Or East or West, depending on where they are coming from!
Of course I am referring to the rumoured deployment of British Army Apache AH1 helicopters to Libya.
As the Royal Navy’s Response Force Task Group (RFTG) has been taking part in the very visible and very noisy Exercise Cougar 11 in the Eastern Mediterranean it has been rumoured for a long time that it would see some operational deployment in support of Operation Ellamy. Elements of the RFTG sailed 3 weeks early to provide those much talked about ‘choices’
Also during this deployment was the news that the Army Air Corps Apache helicopter had continued its ongoing integration within the Royal Navy and Royal Marines amphibious capability, successfully firing Hellfire missiles, working in weapons storage and movement aboard and of course further training for air and ground crew in the littoral environment.
All good stuff, proving and improving a useful capability, we should all be pleased.
If true, and at this stage the MoD have neither confirmed nor denied, it will mark yet another escalation in the tortuous escalation in force that has characterised the NATO involvement.
On Monday, French defence minister Gerard Longuet let the cat out of the bag by saying;
The British, who have assets similar to ours, will also commit. The sooner the better is what the British think.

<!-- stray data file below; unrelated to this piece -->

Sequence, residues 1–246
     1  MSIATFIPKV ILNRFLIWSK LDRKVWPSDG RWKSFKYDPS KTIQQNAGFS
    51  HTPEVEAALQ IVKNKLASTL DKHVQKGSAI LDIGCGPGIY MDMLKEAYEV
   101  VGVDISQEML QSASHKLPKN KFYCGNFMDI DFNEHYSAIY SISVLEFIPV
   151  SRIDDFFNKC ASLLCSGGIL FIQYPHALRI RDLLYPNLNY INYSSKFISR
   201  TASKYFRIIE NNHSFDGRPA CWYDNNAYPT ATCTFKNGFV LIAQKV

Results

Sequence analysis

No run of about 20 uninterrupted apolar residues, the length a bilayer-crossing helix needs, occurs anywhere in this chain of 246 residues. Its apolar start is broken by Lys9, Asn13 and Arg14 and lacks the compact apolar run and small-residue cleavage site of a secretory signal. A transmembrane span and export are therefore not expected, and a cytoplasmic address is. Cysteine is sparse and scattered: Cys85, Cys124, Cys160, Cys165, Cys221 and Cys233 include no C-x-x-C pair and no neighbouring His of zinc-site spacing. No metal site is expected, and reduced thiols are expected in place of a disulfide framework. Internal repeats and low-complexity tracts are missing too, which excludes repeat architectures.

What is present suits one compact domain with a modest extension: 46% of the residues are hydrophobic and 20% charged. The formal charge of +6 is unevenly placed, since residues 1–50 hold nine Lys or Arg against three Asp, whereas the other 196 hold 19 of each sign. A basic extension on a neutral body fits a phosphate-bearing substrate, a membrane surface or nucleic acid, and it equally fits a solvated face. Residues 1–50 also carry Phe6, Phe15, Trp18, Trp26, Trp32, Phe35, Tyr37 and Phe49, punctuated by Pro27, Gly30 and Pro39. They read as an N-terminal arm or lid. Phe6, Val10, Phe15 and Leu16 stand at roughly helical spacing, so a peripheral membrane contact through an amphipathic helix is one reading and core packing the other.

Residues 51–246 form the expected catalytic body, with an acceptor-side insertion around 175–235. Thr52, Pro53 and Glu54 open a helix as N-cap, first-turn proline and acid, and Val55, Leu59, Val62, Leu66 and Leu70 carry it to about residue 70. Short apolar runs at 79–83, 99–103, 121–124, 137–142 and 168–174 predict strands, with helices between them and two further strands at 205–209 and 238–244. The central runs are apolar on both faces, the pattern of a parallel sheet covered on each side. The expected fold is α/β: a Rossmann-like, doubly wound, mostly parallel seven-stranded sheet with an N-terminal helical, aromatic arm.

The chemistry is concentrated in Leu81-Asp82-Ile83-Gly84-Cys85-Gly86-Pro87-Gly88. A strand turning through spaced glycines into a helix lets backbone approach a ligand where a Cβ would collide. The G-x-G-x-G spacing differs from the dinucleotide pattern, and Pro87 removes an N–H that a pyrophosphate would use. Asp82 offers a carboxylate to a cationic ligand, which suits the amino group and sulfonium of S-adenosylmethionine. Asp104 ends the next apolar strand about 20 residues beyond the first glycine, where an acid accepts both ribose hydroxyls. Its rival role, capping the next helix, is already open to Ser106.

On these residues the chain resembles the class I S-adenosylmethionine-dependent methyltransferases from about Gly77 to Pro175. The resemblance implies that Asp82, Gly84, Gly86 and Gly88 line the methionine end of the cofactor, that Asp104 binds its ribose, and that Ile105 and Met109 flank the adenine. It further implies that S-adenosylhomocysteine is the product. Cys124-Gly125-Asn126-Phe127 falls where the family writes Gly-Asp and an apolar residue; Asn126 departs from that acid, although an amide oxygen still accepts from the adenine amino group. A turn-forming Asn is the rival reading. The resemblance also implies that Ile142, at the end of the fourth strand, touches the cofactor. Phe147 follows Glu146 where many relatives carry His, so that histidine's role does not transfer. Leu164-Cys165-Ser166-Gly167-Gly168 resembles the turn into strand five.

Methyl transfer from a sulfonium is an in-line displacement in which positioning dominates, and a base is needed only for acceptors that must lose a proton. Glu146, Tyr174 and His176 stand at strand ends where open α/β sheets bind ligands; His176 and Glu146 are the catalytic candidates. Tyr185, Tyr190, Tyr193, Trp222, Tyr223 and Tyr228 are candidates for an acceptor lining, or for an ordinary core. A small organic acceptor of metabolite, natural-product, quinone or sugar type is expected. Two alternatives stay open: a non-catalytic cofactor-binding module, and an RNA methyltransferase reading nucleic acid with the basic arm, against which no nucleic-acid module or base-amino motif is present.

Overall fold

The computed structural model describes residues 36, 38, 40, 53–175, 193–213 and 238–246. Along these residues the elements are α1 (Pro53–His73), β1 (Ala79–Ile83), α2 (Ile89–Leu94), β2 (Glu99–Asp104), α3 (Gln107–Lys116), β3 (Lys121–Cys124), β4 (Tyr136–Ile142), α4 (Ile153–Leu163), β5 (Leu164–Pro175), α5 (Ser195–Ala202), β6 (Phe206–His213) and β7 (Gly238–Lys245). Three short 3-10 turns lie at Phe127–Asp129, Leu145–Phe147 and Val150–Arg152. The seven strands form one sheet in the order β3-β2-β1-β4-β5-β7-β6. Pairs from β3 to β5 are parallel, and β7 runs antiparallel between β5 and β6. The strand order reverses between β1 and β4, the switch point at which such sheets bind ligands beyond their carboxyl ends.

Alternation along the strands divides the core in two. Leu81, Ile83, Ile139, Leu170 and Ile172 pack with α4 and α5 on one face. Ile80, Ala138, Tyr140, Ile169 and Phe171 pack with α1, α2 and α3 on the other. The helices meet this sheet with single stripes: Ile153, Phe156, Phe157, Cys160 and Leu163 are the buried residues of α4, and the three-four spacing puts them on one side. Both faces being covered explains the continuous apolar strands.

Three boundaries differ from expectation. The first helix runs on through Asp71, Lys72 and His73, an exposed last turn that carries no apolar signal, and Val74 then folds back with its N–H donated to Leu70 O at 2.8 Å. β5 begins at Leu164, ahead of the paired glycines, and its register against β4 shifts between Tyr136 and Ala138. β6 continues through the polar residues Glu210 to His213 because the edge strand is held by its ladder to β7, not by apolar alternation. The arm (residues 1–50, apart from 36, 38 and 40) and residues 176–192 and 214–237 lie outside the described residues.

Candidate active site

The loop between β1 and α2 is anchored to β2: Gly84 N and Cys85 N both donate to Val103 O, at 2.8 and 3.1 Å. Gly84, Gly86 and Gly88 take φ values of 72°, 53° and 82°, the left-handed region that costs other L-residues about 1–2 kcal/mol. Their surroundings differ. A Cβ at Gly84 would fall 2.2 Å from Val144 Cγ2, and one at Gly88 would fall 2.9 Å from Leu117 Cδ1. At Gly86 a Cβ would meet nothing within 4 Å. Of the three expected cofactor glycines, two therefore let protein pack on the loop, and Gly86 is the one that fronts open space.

Speaking to Parliament today, Nick Harvey said;
We have not taken this decision, and that we have not suggested to the French that we have taken this decision.
The objective would remain exactly the same, the targets would remain the same, but we would have at our disposal a weapon with a greater degree of precision, better able to hit targets, and indeed moving targets, and with a lower risk of collateral damage.
But I repeat: No such decision has as yet been taken.
It’s very unusual strategy to tell the enemy exactly what you’re up to
The French are deploying Tiger and Gazelle helicopters, both have combat experience in Afghanistan but the French Tiger’s are currently awaiting their Hellfire integration, currently, they are only armed with an automatic cannon and unguided rockets. Reports said 12 Tigers were aboard the BPC Tonnerre but this seems unlikely given the small numbers in service so the HOT ATGW and Mistral AA missile armed Gazelles may form the bulk of the force (any French commenters in the know?)
Press reports have characterised this as a significant escalation, it’s an escalation alright but not sure about the significance; aboard HMS Ocean are 3 Apache’s although more could be deployed. What it does represent is a risk in risk, Libyan forces still retain a sizeable man portable anti aircraft missile arsenal and by operating at lower speeds and altitudes than fast jets, helicopters remain more vulnerable to ground fires.
Is this like a slow motion replay of the Balkans, a vague hope changey notion that air attacks would force some sort of capitulation followed by a drawn out realisation that ground forces are the most sensible option?